Some large companies like banks seem intent on getting as out of touch with many customers as nationalised concerns do. Just as the railway faces a hail of criticism for wanting to close its ticket offices, so the banks are intensifying their closure of branches.
The railways say they will redeploy the staff to be generally helpful around the station. They can be very helpful in a ticket and information office where they have a chair to sit on, computer access to all the details of timetables, travel options and fares and online knowledge of the state of play on the trains at or coming to their station. A staff member on the move around the platform has less easy access to the information, and may be more difficult to find for a worried traveller.
The banks do not promise to redeploy their staff. They want us all to spend our time wrestling with their on line systems which have to balance difficulty of access to make them secure with feasibility of access so we can move our money around. Security is much less of an issue if you go regularly to your local branch to bank, as they get to know you. Your face is your identity. Faced with the narrow systems of the computer you have to choose answers the computer has been taught rather than being able to describe what you want to do and get help from the bank. For commonplace transactions this usually works, but there are often glitches in the software. My bank’s computer often fails to recognise people I wish to pay from past payments so you have to go through the new payment process each time.7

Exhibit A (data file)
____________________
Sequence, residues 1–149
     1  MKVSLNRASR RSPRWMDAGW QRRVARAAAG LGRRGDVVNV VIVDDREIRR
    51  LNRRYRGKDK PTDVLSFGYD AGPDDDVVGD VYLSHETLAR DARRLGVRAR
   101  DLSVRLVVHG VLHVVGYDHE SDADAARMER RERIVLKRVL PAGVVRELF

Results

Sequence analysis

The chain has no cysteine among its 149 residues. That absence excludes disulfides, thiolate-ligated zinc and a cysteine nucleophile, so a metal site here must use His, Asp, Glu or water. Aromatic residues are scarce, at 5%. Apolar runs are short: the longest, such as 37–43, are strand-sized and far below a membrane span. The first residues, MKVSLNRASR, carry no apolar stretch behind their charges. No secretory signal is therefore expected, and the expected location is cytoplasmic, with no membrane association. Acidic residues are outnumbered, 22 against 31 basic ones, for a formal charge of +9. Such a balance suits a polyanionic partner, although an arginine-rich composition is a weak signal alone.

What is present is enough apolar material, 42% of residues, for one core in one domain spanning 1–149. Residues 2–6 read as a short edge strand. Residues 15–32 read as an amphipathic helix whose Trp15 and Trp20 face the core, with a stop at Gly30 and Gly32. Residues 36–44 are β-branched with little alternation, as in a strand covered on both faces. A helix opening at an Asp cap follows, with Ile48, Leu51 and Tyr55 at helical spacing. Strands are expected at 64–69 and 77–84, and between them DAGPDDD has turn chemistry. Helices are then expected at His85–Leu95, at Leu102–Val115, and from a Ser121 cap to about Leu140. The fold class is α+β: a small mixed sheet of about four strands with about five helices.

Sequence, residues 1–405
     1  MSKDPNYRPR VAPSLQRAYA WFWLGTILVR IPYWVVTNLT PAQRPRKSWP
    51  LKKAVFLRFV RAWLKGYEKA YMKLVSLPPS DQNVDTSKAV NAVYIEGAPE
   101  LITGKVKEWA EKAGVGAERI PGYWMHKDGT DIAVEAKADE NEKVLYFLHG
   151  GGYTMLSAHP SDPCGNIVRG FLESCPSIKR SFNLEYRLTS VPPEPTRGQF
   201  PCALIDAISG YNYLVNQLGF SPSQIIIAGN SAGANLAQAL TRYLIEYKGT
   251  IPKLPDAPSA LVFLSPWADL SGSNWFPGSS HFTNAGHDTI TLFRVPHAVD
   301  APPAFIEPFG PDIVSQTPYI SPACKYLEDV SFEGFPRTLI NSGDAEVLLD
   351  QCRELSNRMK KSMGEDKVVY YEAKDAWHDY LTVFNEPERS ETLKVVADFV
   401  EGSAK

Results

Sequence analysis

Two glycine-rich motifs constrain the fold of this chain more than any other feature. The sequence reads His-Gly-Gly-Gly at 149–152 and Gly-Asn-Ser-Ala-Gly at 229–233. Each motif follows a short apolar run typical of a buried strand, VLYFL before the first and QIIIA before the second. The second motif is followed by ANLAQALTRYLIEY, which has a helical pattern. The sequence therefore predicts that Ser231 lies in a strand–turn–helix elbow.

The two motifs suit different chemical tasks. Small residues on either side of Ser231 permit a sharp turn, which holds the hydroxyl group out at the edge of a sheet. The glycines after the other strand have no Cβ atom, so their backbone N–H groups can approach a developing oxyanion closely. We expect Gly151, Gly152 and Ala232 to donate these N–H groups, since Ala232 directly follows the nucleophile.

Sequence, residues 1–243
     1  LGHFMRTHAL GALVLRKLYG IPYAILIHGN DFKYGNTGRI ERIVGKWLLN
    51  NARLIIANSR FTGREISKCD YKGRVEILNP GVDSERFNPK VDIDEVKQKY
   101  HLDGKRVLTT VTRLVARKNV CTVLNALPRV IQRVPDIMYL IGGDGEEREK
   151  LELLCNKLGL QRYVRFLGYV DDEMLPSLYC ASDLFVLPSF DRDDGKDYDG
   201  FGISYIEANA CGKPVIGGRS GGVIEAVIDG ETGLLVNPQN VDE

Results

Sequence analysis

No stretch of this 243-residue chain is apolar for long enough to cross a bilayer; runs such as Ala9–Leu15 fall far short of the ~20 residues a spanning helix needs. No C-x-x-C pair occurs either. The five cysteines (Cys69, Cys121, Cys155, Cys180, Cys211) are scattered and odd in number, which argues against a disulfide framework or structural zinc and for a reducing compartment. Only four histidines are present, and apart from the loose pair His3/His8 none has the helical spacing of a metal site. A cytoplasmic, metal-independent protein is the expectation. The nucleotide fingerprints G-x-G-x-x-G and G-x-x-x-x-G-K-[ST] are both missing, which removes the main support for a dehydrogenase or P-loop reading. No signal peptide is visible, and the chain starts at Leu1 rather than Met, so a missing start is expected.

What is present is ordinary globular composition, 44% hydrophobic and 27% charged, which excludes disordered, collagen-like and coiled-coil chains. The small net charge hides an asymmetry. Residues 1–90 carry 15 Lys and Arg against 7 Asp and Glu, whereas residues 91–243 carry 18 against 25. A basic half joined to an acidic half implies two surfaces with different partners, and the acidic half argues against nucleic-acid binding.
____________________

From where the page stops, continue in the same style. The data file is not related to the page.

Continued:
Government is now requiring banks to ensure we can all have access to cash from nearby machines. This is a minimal response to the retreat of the banks from most personal contact with their customers. Whilst most of us conduct most of our transactions electronically by card and by bank transfer there remain a number of needs for cash. Cash is a reliable resort when machines or the internet goes down. Cash is often quicker and more sensible for smaller transactions. You can always offer cash even if your phone has run out of battery or the internet coverage has gone down or outdoors if the sun is shining so you cannot easily read a phone screen. No-one should be made to use electronic money if they do not want to.
It is a strange modern wish of some large institutions to want to distance themselves from customers, to cut themselves off from the flow of information and social contact which personal service brings. It breeds resentment amongst customers, sometimes causes greater costs and delays and allows some to claim there is a big plot to make us go cashless so the government will be more in charge of our lives.